Given power of the regime has now been ceded to a new government and given the glimmers of hope within Myanmar, it may yet be possible that a future administration could agree to a domestic proposal for redress of the atrocities that have occurred. While some may regard this as fantasy, given the extraordinary developments in Myanmar in recent times, it seems appropriate to again consider a domestic remedy in Myanmar.
While the remedy in Myanmar will likely take a unique form, it remains appropriate for the international community, to recognise the issues raised by the then Myanmar military regime’s refusal to allow assistance to those in desperate need living in the region of the Irrawaddy Delta. It is on this point that consideration must continue within the literature to ensure that where gaps exist in the relevant international law, they are considered and addressed.
In deference to those who have suffered, it seems manifestly appropriate for people of conscience to continue to work towards documents, such as the Rome Statute, and institutions such as the ICC, that highlight the aspirations of the international community and make amendments to statutes and processes that reflect the international community’s expectations.
As an international community we stood frozen as the then Myanmar military regime stole food, medicine, shelter, and in many cases, ultimately the gift of life, from the survivors of Cyclone Nargis. There was a deep awareness of the need to ‘do something’. Any amendments to international law need to adequately reflect that which many at the time of Cyclone Nargis viscerally knew to be wrong. It seems appropriate that the post-Holocaust cry of ‘never again’ be once again on the lips of the international community.
[∗] RN, BNurs (Southern Cross University), Grad Cert IS (Tabor College), Grad Dip Min (Tabor College), JD (University of Southern Queensland). An earlier draft of this paper was written while studying cross-institutionally at the 2010 Southern Cross University Summer Law School for credit toward the Juris Doctor degree at the University of Southern Queensland. Thanks to Professor Michael J Bazyler (Chapman University School of Law) and Associate Professor Sam Garkawe (Southern Cross University) who taught during the Summer School. Thanks to the two University of Tasmania Law Review anonymous reviewers for their helpful criticism. Thanks also to the Editors for their guidance throughout the peer review and copy-editing process. All opinions and errors remain those of the author. The author may be contacted by email at: email@example.com.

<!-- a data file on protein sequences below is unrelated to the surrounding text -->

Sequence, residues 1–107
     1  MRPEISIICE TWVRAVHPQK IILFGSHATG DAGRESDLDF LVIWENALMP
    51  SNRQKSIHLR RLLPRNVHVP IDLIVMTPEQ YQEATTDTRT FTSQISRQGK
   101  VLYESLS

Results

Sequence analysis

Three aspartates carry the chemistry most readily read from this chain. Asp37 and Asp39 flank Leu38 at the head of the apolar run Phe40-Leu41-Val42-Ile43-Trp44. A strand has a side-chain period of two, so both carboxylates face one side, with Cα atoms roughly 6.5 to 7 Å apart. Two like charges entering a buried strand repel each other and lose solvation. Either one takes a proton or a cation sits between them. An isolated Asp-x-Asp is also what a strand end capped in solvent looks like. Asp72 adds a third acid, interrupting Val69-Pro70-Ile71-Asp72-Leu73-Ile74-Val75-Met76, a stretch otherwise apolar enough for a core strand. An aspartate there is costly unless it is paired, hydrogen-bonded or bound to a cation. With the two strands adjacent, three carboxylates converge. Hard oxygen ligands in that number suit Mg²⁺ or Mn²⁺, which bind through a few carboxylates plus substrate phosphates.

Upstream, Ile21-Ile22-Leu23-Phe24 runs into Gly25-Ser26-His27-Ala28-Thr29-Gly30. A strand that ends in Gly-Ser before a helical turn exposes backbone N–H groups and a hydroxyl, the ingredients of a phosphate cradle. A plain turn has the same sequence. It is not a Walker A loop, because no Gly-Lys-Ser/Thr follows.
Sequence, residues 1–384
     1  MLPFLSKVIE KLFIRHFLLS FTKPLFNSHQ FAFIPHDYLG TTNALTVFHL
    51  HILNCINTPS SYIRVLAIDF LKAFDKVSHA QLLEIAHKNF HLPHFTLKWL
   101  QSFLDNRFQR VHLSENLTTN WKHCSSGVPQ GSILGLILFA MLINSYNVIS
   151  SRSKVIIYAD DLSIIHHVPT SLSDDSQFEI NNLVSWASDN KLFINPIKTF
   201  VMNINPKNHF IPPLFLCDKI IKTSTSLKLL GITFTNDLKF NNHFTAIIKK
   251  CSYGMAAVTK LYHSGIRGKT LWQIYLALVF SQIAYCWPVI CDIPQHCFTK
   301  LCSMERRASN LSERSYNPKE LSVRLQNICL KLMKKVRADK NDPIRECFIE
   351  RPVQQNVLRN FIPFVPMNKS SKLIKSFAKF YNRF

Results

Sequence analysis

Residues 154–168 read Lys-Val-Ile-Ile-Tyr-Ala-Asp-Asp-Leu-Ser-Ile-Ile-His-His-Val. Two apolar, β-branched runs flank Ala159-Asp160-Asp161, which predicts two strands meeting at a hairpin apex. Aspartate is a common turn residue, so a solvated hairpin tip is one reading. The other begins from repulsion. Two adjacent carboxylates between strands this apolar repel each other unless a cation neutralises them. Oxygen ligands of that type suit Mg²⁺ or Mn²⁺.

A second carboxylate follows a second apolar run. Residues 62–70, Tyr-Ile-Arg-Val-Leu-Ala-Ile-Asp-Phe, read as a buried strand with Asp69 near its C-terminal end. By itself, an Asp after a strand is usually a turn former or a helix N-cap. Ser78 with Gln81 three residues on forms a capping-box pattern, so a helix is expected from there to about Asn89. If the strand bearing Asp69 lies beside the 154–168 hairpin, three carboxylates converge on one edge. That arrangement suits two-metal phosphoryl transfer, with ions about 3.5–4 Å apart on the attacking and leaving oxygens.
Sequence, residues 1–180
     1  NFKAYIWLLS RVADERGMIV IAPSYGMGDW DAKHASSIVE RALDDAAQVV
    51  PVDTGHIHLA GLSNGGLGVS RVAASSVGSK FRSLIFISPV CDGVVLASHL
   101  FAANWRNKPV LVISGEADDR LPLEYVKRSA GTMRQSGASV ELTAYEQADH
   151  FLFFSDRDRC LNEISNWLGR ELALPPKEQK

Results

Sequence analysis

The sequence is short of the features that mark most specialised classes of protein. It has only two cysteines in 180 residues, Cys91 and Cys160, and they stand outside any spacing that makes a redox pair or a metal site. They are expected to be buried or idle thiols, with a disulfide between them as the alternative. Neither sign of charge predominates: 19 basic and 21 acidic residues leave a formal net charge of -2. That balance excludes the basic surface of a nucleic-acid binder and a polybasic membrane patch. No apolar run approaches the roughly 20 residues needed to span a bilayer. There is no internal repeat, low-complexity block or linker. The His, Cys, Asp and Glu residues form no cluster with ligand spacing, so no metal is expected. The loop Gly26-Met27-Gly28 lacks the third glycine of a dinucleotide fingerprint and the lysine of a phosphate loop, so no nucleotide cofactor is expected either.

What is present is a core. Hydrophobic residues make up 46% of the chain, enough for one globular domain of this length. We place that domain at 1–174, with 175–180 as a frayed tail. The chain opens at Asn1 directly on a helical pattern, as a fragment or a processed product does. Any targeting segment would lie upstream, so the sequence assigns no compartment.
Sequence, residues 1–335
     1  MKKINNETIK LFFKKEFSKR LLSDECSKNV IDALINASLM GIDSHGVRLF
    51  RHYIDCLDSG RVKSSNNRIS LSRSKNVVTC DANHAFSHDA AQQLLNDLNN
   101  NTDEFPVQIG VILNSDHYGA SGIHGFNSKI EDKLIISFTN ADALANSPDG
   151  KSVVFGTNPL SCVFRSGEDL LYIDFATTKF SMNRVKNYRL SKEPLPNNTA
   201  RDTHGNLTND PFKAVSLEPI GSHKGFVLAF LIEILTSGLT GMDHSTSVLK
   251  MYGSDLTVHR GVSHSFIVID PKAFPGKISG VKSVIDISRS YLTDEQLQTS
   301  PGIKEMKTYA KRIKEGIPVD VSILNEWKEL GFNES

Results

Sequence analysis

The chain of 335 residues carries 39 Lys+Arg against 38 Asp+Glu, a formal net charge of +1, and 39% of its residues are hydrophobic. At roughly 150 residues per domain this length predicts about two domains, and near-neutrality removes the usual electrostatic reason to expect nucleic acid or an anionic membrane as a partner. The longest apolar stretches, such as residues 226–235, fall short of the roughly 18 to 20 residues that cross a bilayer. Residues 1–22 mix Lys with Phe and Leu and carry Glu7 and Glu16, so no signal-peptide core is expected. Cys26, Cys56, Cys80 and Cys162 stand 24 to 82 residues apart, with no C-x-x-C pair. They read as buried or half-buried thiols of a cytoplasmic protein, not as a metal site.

In 1989, the military regime altered the name of Rangoon to ‘Yangon’ and Burma to ‘Myanmar’. Daw Aung San Suu Kyi has publically declared her preference to the former names so many within the international community respect that preference: (Australian Government, Department of Foreign Affairs and Trade, Burma Country Brief (2009) <http://www.dfat.gov.au/GEO/burma/burma_brief.html> . Since 2010, the Australian Government has shifted its position on the nomenclature of the country to a recognition that the name ‘Myanmar’ is used by international organisations such as the United Nation, the Association of South East Asian Nations and the World Trade Organisation. The current position is that ‘The Australian Government refers to the country as Burma. The Australian Government uses Myanmar when communicating directly with Burmese officials and in multilateral contexts, as appropriate’: Australian Government, Department of Foreign Affairs and Trade, Burma Country Brief (2010) <http://www.dfat.gov.au/GEO/burma/burma_brief.html> . The interchangeable nature of the nomenclature of the country is clear. This author will refer to the country as Myanmar (and the former capital city as Yangon) as this seems to be the name in greater use within the relevant literature, and the international community, at time of publication. This is not intended as a political statement.